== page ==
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tigerbangs prescription for deep fringe reception

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Old 10-27-2006, 05:01 PM   #91  
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to lessen the load on the rotor you can install an antennas direct 91-xg as an alternative in place of the cm4228. That is what I did at my home a few weeks ago.

I am using my old winegard hd8200p for vhf and the 91xg for uhf with amplification. I am very happy with the uhf performance of the 91xg.

The vhf performance of the cm3671 is ok but the vip306 may perform better.

if you are concerned about the rotor (the cm9521A is not my cup of tea) you can order an alliance u-110 rotor and "clunk - clunk" control box and thrust bearing from here. They have alittle more muscle and will last forever. I have used one for about 20 years.

http://www.rotorservice.com/prod1%20rotor%20sales.htm

enclosed is a picture of my current install to illustrate.

You are not really considered fringe (after looking at the antennaweb results). if these figures are close to your reception parameters, the cm 3671 should be plenty and the cm7777 preamp a risk at overload because of the stations in yellow. A winegard hdp269 would be better actually.

* yellow - uhf WMYV-DT 48.1 MNT GREENSBORO NC 201° 10.7 33
* yellow - uhf WFMY-DT 2.1 CBS GREENSBORO NC 206° 10.9 51
* yellow - uhf WXLV-DT 45.1 ABC WINSTON-SALEM NC 201° 10.7 29
* yellow - uhf WXII-DT 12.1 NBC WINSTON-SALEM NC 314° 41.3 31
* yellow - uhf WGPX-DT 16.1 i BURLINGTON NC 31° 17.2 14
* red - uhf WUNL-DT 26.1 PBS WINSTON-SALEM NC 314° 41.3 32
* red - uhf WCWG-DT 20.1 CW LEXINGTON NC 201° 10.8 19
* red - uhf WLXI-DT 61.1 TBN GREENSBORO NC 201° 10.8 43
* red - uhf WGHP-DT 8.1 FOX HIGH POINT NC 202° 14.7 35
* red - uhf WUNC-DT 4.1 PBS CHAPEL HILL NC 115° 35.7 59

fringe would be more like all blue and violet.
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Last edited by Rick0725; 10-27-2006 at 05:16 PM..
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Old 10-28-2006, 01:44 AM   #92  
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Quote:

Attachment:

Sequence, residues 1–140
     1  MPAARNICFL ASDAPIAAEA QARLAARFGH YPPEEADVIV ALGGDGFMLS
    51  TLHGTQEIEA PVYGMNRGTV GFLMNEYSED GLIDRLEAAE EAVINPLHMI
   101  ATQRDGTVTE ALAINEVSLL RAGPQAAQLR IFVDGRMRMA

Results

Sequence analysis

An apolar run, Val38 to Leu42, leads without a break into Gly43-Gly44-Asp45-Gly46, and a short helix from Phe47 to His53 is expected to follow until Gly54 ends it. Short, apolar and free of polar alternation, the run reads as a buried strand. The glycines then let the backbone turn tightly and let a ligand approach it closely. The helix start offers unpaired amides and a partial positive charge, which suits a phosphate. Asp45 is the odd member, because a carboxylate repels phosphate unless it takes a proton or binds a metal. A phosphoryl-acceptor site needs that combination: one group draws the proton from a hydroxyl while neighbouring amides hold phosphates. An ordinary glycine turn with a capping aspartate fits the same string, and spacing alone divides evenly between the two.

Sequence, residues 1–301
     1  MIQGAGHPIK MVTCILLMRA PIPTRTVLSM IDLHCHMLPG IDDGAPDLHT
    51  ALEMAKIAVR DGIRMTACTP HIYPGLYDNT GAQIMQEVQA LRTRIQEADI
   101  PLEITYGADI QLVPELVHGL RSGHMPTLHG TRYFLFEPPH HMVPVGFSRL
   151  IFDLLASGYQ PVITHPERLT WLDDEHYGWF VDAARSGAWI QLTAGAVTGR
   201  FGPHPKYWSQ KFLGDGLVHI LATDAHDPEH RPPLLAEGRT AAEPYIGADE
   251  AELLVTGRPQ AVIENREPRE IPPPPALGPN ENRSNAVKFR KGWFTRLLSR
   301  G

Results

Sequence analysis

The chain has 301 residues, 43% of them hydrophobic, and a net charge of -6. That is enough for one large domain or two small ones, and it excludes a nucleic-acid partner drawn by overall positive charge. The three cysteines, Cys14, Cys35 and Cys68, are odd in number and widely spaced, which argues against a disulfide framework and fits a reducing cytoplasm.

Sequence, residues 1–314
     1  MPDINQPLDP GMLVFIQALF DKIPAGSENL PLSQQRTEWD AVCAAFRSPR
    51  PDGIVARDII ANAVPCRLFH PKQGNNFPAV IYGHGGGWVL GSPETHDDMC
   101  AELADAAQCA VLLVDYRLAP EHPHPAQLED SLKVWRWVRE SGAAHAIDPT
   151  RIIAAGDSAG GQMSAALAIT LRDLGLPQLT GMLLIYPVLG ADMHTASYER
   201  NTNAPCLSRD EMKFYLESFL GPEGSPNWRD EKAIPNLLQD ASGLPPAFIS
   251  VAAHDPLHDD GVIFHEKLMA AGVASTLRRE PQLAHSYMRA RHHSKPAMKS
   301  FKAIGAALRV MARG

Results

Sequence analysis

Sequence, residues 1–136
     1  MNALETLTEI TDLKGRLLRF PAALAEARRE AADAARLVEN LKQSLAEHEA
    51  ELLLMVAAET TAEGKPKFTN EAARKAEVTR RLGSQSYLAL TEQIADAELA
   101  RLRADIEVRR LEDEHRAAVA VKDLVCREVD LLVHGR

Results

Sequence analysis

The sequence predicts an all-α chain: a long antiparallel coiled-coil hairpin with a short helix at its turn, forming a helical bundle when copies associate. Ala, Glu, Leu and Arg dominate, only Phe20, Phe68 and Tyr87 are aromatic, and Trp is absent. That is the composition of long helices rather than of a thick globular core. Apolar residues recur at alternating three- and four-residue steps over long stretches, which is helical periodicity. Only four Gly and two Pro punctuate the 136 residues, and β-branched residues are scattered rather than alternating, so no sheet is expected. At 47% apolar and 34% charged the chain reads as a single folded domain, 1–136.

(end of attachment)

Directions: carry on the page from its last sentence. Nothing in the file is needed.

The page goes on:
Originally Posted by gcgst
I tried find these specs at the Wade website, but couldn't find them.
http://www.wade-antenna.com/Wade/VIP...20Antennas.pdf

The VIP-307 has 1 db more gain that the VIP-306on VHF high band. The VHF Low band gain is identical.
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Old 11-07-2006, 04:57 AM   #93  
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Default not fringe, but kind of mixed on colors

I don't think the deep fringe prescription would work for me because of the overloading issue i see people talking about. Apparantly a lot of my stations are all over the place in the color charts for some reason, but i have quite a few yellow stations. I only get 1 station in clearly though on my rabbit ears so I desparately need something. This is the antennaweb report from my location which is on the very western edge of zip 35611. I'm also up on a nice hill which will be very good for me. Heavy winds are also a concern up here. The river seems to let the wind rip.

yellow - uhf WFIQ-DT 36.1 PBS FLORENCE AL 247 33.0 22
yellow - uhf WZDX 54 FOX HUNTSVILLE AL 95 41.1 54
yellow - uhf WZDX-DT 54.1 FOX HUNTSVILLE AL 95 41.1 41
yellow - uhf WHNT-DT 19.1 CBS HUNTSVILLE AL 95 41.1 59
yellow - uhf WHDF 15 CW FLORENCE AL 25 17.0 15
yellow - uhf WHDF-DT 14.1 CW FLORENCE AL 25 17.0 14
green - uhf WHIQ 25 PBS HUNTSVILLE AL 95 41.3 25
green - uhf WHIQ-DT 25.1 PBS HUNTSVILLE AL 95 41.3 24